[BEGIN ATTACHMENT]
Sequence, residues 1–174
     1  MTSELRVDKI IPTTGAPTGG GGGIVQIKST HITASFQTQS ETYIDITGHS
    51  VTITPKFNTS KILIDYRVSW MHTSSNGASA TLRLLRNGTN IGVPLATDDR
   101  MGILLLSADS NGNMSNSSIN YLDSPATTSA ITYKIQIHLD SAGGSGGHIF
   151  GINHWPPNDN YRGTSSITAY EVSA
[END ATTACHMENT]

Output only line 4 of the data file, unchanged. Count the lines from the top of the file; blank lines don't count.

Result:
   101  MGILLLSADS NGNMSNSSIN YLDSPATTSA ITYKIQIHLD SAGGSGGHIF